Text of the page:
Volcano Watch — Evolution and island hopping

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The rapidly changing geology in the Hawaiian Islands has profound consequences for the plants and animals in Hawai'i on several time scales.

The rapidly changing geology in the Hawaiian Islands has profound consequences for the plants and animals in Hawai'i on several time scales. At the shortest time scale, that of days to years, each new lava flow creates isolated habitats which are crucibles for the creation of new species and for evolution. On the longer time scale of hundreds of thousands of years, each new volcano grows from the ocean floor, through sea level, and eventually reaches some height above sea level. The larger volcanoes, such as Mauna Loa and Mauna Kea, are home to a wide range of ecosystems because of the many climate zones that they include. The "high islands" have the widest species diversity.

The plants and animals that inhabit each new island have arrived mainly from the adjacent older volcanic islands, although the ancestors of all originally arrived as waifs from distant continents. Sometimes their journey from one volcano to the next is easy because the volcanoes have actually coalesced into single composite islands, like Hawai'i, which is made up of five separate volcanoes. At other times, the journey down the island chain is long and difficult, because the volcanoes are widely spaced, and because the channels are wide, such as between Kauai and Oahu. One can readily see the history of any single volcano by looking at the different volcanoes in the Hawaiian volcanic chain. Each of the old low islands was once a high island like the present Hawaiian Islands. The few species on these low islands are relics of a much wider diversity of species that developed when they were high islands.

The ecosystems on any volcano do not remain static once the volcano has formed because, on the longer time scale of millions of years, the islands slowly sink and erode. This subsidence takes place rapidly while the island is growing but slows down after the volcano has stopped erupting. The early sinking is caused by the great weight of the volcanoes, which flexes the Earth's nearly rigid outer layer (the lithosphere) downward. The elevation of the islands is decreased by as much as 7,000 feet in the first million years. Each plant and animal must adjust to the changes associated with this sinking, changes such as different temperatures and rainfall. Some high elevation environments cease to exist during this period of rapid change, and the plants and animals must either adapt or perish. Eventually, nearly all the great variety in environments is eliminated as the island is reduced to sea level.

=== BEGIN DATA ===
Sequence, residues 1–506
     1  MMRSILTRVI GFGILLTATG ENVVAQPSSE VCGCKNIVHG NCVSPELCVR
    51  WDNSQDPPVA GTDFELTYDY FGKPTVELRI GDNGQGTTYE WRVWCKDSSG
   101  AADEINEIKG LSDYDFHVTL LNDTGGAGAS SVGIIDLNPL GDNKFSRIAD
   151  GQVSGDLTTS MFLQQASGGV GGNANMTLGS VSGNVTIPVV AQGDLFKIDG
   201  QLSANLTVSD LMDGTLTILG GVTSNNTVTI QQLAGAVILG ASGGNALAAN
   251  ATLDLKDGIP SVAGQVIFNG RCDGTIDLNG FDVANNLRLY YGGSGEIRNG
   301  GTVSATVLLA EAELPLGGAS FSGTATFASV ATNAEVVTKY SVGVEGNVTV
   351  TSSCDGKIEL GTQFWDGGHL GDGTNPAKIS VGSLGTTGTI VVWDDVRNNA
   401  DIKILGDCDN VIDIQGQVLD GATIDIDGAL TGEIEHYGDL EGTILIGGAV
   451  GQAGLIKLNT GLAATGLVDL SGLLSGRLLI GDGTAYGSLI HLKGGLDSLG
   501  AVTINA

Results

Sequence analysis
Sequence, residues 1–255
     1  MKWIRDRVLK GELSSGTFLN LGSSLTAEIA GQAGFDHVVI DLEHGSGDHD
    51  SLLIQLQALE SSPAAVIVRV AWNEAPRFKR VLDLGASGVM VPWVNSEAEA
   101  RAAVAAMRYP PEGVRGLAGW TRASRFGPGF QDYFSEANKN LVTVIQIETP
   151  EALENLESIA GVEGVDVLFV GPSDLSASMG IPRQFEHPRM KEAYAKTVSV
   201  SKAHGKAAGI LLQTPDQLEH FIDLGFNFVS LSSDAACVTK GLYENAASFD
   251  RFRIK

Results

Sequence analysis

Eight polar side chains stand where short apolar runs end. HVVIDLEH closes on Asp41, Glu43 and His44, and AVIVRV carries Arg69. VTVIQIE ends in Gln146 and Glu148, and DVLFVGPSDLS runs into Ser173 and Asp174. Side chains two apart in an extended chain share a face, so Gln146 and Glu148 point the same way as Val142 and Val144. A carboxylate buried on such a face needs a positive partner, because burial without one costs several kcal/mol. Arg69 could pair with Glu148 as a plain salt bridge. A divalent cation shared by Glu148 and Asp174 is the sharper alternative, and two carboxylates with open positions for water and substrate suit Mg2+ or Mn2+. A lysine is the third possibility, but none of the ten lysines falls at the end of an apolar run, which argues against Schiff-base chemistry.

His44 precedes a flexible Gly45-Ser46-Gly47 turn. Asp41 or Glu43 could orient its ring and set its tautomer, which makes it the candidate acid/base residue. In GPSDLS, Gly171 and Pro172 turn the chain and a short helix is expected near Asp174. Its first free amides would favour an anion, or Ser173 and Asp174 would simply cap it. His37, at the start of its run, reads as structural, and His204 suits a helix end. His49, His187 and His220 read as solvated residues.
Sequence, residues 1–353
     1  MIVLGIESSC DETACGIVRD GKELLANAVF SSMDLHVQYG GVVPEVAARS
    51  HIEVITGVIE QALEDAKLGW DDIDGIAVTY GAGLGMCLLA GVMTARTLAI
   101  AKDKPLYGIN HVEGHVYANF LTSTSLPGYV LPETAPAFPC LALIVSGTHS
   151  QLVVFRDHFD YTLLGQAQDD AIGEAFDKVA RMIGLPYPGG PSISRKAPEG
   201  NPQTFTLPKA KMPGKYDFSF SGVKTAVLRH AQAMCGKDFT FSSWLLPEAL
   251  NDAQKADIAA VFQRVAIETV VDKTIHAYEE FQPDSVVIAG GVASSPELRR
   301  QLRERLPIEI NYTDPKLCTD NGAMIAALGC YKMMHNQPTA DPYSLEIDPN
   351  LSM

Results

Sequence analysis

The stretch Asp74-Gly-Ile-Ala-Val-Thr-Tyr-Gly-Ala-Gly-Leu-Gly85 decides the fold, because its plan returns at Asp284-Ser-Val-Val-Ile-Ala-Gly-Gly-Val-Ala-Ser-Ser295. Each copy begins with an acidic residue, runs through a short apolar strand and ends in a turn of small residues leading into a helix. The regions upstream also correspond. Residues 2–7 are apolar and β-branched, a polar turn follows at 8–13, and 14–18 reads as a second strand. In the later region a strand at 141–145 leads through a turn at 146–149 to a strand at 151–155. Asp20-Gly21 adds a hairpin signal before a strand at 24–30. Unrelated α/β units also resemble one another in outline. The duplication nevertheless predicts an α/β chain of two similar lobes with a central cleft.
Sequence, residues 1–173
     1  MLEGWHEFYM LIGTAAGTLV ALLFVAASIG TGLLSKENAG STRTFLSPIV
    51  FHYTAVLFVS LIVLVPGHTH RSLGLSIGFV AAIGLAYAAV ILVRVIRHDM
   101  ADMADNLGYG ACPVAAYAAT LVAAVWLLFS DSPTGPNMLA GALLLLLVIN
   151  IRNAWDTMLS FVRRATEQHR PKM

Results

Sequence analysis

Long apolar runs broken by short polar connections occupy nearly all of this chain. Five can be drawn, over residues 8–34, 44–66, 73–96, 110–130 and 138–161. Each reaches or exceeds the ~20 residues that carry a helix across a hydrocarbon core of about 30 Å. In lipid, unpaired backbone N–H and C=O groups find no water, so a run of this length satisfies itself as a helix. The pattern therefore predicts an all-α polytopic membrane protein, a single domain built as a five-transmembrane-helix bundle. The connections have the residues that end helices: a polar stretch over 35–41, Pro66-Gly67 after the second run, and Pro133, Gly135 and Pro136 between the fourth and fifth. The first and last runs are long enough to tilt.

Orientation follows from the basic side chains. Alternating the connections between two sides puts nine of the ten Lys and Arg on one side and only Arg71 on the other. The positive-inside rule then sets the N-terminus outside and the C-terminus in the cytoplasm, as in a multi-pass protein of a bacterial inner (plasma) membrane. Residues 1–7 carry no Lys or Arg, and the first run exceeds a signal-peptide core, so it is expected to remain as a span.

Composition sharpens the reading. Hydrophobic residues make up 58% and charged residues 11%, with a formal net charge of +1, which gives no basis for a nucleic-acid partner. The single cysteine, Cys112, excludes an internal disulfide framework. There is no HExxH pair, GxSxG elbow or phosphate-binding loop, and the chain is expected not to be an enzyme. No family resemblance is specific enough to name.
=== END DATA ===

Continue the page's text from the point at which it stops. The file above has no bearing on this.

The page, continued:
A period of slower subsidence, after the short period of rapid subsidence, lasts for as long as 30 million years, until the island has subsided completely beneath the sea. Eventually each of the high islands is reduced to a low volcanic island, such as Necker and Nihoa Islands, or La Perouse and Gardner Pinnacles in the Leeward Islands. The oldest of the low volcamic islands in the Leeward Islands is only about 12 to 13 million years old. With continued subsidence, these low volcanic islands become coral islands such as Laysan, Kure, and Midway. This slow decrease in elevation gradually, but relentlessly, eliminate ecosystems and species on these islands, and eventual creates a community with few remaining species.

Each volcano has a series of geologic stages and a correlative sequence of biologic stages. The biologic stages are an initial stage during which colonizations from older adjacent volcanoes vastly outpace extinctions, an equilibrium stage in which colonizations and extinctions roughly match, and an old-age stage in which extinctions are no longer compensated by new colonizations. Colonization is most often from the older adjacent volcanoes; thus, the species on O'ahu arrived from Kaua'i, and the species on West Moloka'i arrived from O'ahu, etc. This chain of colonizations works fine as long as there is an older volcano that still rises above sea level when the next volcano forms. A few times in the past there were apparently no islands to provide the species to colonize the next island. The last time this occurred was about 30 to 35 million years ago (before Midway Island formed). At that point, all terrestrial species that had evolved during the previous 30 million years were eliminated, and new colonizations from distant continents and island groups had to begin again to populate the Leeward Hawaiian islands.

Active lava flows on Kīlauea continue to create new land for colonization. One of the first species to show up is Homo sapien, who is, once again, provided with good lava viewing at the end of Chain of Craters Road in Hawaii Volcanoes National Park. A lava flow began cascading over the small pali near the end of the road on Thursday afternoon. Another large surface flow is proceeding down the eastern side of the Kamoamoa flow field, where it has threatened one of our seismometers. This flow is now advancing towards the coast and may cover the last small section of road between the Kamoamoa and Waha'ula flow fields. The ocean entry at Highcastle has dwindled sharply, as these two surface flows have drawn off lava that was previously flowing in an underground tube to the ocean.